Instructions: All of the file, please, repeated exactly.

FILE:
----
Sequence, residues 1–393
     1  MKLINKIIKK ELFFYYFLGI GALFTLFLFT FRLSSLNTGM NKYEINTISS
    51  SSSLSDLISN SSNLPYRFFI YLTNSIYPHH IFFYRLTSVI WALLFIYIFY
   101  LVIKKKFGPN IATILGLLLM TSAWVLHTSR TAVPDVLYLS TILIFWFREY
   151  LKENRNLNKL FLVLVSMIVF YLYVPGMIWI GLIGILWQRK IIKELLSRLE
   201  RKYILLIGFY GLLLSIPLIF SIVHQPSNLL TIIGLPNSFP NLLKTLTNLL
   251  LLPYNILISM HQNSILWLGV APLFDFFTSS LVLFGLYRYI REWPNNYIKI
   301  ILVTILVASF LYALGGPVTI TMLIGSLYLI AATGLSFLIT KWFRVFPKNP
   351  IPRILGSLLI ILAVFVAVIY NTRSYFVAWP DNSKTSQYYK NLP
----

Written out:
Sequence, residues 1–393
     1  MKLINKIIKK ELFFYYFLGI GALFTLFLFT FRLSSLNTGM NKYEINTISS
    51  SSSLSDLISN SSNLPYRFFI YLTNSIYPHH IFFYRLTSVI WALLFIYIFY
   101  LVIKKKFGPN IATILGLLLM TSAWVLHTSR TAVPDVLYLS TILIFWFREY
   151  LKENRNLNKL FLVLVSMIVF YLYVPGMIWI GLIGILWQRK IIKELLSRLE
   201  RKYILLIGFY GLLLSIPLIF SIVHQPSNLL TIIGLPNSFP NLLKTLTNLL
   251  LLPYNILISM HQNSILWLGV APLFDFFTSS LVLFGLYRYI REWPNNYIKI
   301  ILVTILVASF LYALGGPVTI TMLIGSLYLI AATGLSFLIT KWFRVFPKNP
   351  IPRILGSLLI ILAVFVAVIY NTRSYFVAWP DNSKTSQYYK NLP